Stock efi exhaust manifolds and intake. I plan on building a y off my exhaust manifolds for the turbo after having them coated inside and out. I'd like to change the intake later on to something that doesnt go over the top of my injectors and valve cover for ease of operation but for now it will be a budget build. My first step is to get the megasquirt running right on the stock engine and I'll work on building the turbo setup this summer. I only plan on running 5-10 psi. I will probably get the combustion chambers, valves, pistons, and exhaust runner ceramic coated also.

jjona5
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Re: building head, which valves new casting industrial head with hardened seats

Post #10 by jjona5 » Tue Mar 07, 2017 10:20 am

Stock efi exhaust manifolds and intake. I plan on building a y off my exhaust manifolds for the turbo after having them coated inside and out. I'd like to change the intake later on to something that doesnt go over the top of my injectors and valve cover for ease of operation but for now it will be a budget build. My first step is to get the megasquirt running right on the stock engine and I'll work on building the turbo setup this summer. I only plan on running 5-10 psi. I will probably get the combustion chambers, valves, pistons, and exhaust runner ceramic coated also.

jjona5
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Re: building head, which valves new casting industrial head with hardened seats

Post #11 by jjona5 » Tue Mar 07, 2017 11:43 am

Stock efi exhaust manifolds and intake. I plan on building a y off my exhaust manifolds for the turbo after having them coated inside and out. I'd like to change the intake later on to something that doesnt go over the top of my injectors and valve cover for ease of operation but for now it will be a budget build. My first step is to get the megasquirt running right on the stock engine and I'll work on building the turbo setup this summer. I only plan on running 5-10 psi. I will probably get the combustion chambers, valves, pistons, and exhaust runner ceramic coated also.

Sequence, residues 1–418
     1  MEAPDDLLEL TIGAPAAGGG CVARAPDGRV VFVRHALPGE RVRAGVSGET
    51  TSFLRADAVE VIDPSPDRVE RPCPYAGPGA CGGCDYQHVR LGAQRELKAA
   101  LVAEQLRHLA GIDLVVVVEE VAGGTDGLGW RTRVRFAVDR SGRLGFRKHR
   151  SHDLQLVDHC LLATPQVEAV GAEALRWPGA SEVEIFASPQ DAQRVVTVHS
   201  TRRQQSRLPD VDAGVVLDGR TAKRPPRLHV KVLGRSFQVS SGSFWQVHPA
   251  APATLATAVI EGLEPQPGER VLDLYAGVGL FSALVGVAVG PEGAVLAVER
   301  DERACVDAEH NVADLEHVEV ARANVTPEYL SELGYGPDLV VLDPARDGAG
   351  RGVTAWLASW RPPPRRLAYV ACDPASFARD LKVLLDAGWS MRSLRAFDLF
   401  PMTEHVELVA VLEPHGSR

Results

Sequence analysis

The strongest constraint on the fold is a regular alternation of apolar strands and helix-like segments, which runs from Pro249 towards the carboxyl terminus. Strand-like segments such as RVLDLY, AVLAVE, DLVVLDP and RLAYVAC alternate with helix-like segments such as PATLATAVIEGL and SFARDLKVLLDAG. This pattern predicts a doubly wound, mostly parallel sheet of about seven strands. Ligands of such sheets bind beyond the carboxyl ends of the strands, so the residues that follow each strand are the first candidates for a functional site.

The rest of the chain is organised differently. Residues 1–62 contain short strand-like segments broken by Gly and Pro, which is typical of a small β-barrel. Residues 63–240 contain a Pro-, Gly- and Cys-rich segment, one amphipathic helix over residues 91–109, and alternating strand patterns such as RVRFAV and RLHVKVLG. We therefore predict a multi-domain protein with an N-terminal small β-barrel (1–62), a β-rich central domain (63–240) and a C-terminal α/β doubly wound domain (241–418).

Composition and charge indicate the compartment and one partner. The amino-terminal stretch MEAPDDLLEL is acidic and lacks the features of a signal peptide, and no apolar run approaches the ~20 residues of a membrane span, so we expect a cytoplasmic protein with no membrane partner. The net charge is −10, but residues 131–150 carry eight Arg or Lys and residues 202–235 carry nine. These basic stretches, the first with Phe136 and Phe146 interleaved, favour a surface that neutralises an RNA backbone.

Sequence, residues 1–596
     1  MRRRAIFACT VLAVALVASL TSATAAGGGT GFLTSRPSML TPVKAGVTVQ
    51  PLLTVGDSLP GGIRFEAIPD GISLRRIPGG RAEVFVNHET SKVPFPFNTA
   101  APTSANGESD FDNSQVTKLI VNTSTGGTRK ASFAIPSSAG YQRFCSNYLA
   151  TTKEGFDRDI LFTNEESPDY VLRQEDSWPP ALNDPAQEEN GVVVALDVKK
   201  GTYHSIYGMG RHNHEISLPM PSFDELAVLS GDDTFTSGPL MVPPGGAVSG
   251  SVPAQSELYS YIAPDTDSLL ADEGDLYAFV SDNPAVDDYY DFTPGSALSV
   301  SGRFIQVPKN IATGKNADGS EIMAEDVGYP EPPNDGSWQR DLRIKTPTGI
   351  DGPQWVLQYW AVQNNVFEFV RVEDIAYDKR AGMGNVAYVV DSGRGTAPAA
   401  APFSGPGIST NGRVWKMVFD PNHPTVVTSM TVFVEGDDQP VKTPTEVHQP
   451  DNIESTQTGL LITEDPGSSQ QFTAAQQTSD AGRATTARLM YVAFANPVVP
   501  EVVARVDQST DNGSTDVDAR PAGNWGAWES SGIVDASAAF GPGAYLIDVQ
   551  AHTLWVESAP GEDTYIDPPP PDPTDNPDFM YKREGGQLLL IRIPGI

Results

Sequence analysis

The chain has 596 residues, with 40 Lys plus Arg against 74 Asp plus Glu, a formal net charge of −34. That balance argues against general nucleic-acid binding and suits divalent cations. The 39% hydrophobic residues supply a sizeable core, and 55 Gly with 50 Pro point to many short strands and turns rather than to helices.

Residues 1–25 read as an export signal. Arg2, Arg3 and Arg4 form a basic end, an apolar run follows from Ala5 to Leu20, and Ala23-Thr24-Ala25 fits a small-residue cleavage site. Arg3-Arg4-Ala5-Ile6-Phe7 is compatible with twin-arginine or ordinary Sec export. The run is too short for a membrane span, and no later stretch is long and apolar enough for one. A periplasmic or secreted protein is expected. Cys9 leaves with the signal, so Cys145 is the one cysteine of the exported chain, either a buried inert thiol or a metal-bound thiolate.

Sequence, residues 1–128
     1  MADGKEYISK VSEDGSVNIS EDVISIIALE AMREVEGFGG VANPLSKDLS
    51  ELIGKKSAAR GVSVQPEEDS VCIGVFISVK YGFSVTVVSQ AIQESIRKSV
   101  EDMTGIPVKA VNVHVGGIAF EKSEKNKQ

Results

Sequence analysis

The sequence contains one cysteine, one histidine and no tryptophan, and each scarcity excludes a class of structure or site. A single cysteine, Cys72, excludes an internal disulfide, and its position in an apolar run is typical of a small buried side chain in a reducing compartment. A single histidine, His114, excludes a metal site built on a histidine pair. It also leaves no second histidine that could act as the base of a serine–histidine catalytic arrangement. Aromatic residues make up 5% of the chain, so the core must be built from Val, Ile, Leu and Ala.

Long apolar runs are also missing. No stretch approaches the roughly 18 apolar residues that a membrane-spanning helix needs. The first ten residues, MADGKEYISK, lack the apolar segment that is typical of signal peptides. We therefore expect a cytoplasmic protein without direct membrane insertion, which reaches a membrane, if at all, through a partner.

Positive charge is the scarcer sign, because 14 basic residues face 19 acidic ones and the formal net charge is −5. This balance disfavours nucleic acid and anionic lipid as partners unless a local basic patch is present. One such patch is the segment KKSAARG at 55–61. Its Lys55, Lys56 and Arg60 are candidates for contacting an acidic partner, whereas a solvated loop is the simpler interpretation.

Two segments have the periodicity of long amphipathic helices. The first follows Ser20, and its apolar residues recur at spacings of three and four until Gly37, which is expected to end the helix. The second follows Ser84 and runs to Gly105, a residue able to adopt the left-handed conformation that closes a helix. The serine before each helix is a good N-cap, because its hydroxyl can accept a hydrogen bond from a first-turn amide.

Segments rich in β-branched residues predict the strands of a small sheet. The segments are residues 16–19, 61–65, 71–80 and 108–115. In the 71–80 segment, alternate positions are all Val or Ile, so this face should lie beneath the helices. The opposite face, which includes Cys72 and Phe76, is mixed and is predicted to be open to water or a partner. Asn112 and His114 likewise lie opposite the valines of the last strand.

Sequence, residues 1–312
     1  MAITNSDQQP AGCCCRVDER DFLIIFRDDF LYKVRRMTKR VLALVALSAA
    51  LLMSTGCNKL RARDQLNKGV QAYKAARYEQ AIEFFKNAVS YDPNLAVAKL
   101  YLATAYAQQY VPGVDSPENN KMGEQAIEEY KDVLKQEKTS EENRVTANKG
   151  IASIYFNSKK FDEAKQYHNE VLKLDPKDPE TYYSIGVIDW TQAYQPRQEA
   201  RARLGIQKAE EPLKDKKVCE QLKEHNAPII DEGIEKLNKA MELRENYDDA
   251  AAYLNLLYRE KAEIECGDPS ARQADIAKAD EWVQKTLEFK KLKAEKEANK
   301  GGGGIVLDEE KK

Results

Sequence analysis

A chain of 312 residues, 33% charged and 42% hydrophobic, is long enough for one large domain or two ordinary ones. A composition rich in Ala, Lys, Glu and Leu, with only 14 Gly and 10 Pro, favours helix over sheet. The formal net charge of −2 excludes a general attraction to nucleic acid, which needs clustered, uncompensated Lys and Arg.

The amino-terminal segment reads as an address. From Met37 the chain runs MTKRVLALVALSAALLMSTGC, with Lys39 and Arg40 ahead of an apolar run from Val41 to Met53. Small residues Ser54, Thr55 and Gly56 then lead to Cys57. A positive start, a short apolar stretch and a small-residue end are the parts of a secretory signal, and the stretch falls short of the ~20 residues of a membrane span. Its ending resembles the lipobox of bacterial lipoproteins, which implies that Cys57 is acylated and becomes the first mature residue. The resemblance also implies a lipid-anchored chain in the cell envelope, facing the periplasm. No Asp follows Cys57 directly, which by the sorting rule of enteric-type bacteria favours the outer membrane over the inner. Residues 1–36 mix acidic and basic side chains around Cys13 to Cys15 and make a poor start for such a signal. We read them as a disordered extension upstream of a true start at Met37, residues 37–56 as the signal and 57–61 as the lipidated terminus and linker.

jjona5
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Re: building head, which valves new casting industrial head with hardened seats

Post #12 by jjona5 » Sat Mar 11, 2017 12:34 pm

Not sure what happened there. I kept getting a website error when I posted. Guess it went through after all.

pmuller9
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Re: building head, which valves new casting industrial head with hardened seats

Post #13 by pmuller9 » Sat Mar 11, 2017 9:25 pm

jjona5 wrote:Stock efi exhaust manifolds and intake. I plan on building a y off my exhaust manifolds for the turbo after having them coated inside and out. I'd like to change the intake later on to something that doesnt go over the top of my injectors and valve cover for ease of operation but for now it will be a budget build. My first step is to get the megasquirt running right on the stock engine and I'll work on building the turbo setup this summer. I only plan on running 5-10 psi. I will probably get the combustion chambers, valves, pistons, and exhaust runner ceramic coated also.


The piston is the only part that will benefit with any significance with a ceramic coating.
By reducing heat transfer to the piston there is less expansion as well as less reduction in material strength.

We have tried several valve coatings in our supercharged engines with bad results including coating failure which screwed up valve sealing.
The combustion chamber doesn't benefit since it is cooled by the water jackets.
Besides all of the above, 10 lbs of boost doesn't pose much of a heat problem unless you are looking at very long periods of time under boost.

You can build a plenum that bolts to the bottom half of the stock EFI intake and bolt the throttle body to the front of it.